Wednesday, January 26, 2005

A Championship!

Monday morning, the ancestral homestead was afflicted by a terrible sewage disaster. The details are unimportant- sewage is all you really need to know. And as I was crawling around on my hands and knees- in the snow, in said sewage-looking for a sort of valve on the front lawn, in order to access the system in order to unclog it, my heart was filled with joy. You see, Philadelphia is going to the Super Bowl. The George Halas trophy is secured.

Honored by just about every announcer, player and pundit there as the “best fans in the NFL”, the Linc denizens finally had a chance to just roar and party and spontaneously sing. At the two minute warning, the catharsis of just standing and screaming dementedly seemed to cure the crowd of two decades of troubles. Somewhere Buddy Ryan flipped off his television and grunted contentedly.

After the victory, the party spilled out into the parking lot. The cops ceded control to Philadelphians almost immediately- but it never felt dangerous. Yes, totally illegal, yet strangely organized and impressive fireworks displays lit up the night- in multiple locations over the Linc. Some nut was cranking a twenty-minute Rocky theme “dance mix” very loudly out of his RV- and almost a thousand people did the Mummers' Strut in circles around it. Barrels flamed cheerily, beer and vodka handed to all passer-bys. I will never forget it.

Despite the fact the NFL has seemingly decreed the NFC Championship game will be in Philadelphia- until further notice- it never feels jaded. This was about a clinical dissection of a twelve win team as you are apt to see. Last week, the reason I wrote the Eagles were such a stone lay-up in this spot is that it was patently obvious the Falcons would be able to do nothing on offense. The howling wind, Vick’s passing incompetence and mostly the Eagles secondary took away the perimeter and deep passing game- largely with only three defensive players. That meant eight were freed up to stop the run.

The Eagles were so disrespectful of Vick’s passing the entire afternoon. Frequently, Johnson played a corner as the deep safety, in order to free up both safeties (superior tacklers in the box than the corners) to stuff the run. I have never seen that in a pro-game. But if you don’t fear a deep pass play- why not? All those guys in the box had two ramifications. First, the Falcons could not rush the football. Second, with so many defensive players near the line of scrimmage, totally free of deep and perimeter responsibilities, Vick had no where to turn his own marvelous legs up field.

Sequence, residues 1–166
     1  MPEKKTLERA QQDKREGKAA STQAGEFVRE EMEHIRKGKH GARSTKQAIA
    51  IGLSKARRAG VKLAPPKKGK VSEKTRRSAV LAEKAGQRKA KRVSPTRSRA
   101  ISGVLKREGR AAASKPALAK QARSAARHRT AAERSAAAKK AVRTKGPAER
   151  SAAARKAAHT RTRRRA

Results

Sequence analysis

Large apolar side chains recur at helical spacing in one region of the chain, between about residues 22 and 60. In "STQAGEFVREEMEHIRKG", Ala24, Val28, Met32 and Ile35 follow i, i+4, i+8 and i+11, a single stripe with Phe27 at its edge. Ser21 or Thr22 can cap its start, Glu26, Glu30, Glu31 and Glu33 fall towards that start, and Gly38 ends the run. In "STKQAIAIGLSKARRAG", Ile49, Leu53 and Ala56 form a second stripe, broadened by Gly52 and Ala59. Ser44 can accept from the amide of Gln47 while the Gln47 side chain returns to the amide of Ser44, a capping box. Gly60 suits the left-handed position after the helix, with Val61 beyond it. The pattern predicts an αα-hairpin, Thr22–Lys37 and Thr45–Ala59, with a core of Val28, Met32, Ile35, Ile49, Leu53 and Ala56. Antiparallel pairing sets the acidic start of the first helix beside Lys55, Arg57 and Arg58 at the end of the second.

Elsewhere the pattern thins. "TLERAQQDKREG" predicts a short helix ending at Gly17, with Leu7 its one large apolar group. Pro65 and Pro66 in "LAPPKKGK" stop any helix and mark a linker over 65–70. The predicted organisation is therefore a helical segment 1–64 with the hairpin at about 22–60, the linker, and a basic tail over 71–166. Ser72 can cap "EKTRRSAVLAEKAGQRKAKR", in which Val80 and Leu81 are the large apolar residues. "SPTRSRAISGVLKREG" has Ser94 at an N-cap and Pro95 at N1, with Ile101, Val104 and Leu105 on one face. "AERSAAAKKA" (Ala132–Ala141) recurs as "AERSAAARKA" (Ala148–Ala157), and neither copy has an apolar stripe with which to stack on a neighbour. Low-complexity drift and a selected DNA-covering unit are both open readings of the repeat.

Since scoring two touchdowns was a mountain Vick was plainly not going to be able to climb, the Eagles played like Missouri Synod Lutherans- that is to say- conservative on offense. Their offensive effort was sort of very clinical, very safe. Turnovers, leading to easy points, were the only way the Falcons had a hope of scoring somewhere north of twenty. The wideouts did not contribute much- but they were asked to do much either. In the gusty conditions, it was far more prudent to dump the ball to Westbrook and work in the tight ends in the red zone. The Eagles ran the ball surprisingly well; I was surprised as by all accounts Atlanta's front four are powerful. The drive to start the second half was notable- immediately after the Falcons had cut the lead down to 14-10, to get points and relieve pressure, was a big score. As usual, the Eagles play offense with intelligence- and almost always tailored to the moment. On Sunday, it was enough to cruise to 27 points.

I want to remark on one point about the game- that gives me some robust hope for the coming Super Bowl with a superb Patriot’s outfit. Candidly, the Eagles dominated most of the game- and yet it was only 14-10 at half- and 17-10 deep into the third quarter. First, let’s put aside the two obvious factors: the Falcons are certainly a good, very well-coached team and the brutal weather made the explosive offensive numbers necessary to bury a club pretty impossible. What kept the Falcons in the game was their refusal to turn it over. The minute they did- then the game ended.

If you are a good football team- and you play a game near turnover free- with no other turnover like plays (blocked punts, conceding big returns), you are almost always in the game. Seriously- always. Look at the Steelers. The Pats are great, but I refuse to believe they are normally three scores better than Pittsburgh- particularly in Pittsburgh. Pittsburgh largely got scorched due to their inability to protect the football, particularly early. Down a bunch of scores, forced to throw a lot more than they wanted, meant even more turnovers. Philadelphia’s singular excellence on offense since Reid’s arrival is a stubborn refusal to turn it over. If the Eagles enter the fourth quarter against the Patriots with one or fewer turnovers, particularly with the way the defense is playing, I guarantee they will be positioned to rock those guys.

Most importantly, the game raised my record picking the Birds ATS in the play-offs to a stupefying 8-1 over the past four campaigns. I’ll blog later on the Super Bowl, but my gut feeling, today, is the spread is a little rich. “Minus” seven? That is an awful lot for anyone to be spotted- particularly playing a good team that is playing frankly very well. I would have been shocked had Atlanta come into the Linc and won that game. Yes, I would be surprised, but not shocked, if Philadelphia won the Super Bowl. And yet, the Eagles are a bigger ‘dog? Unlike the last two games, Philadelphia does not feel like a stone lock- but I am leaning their way.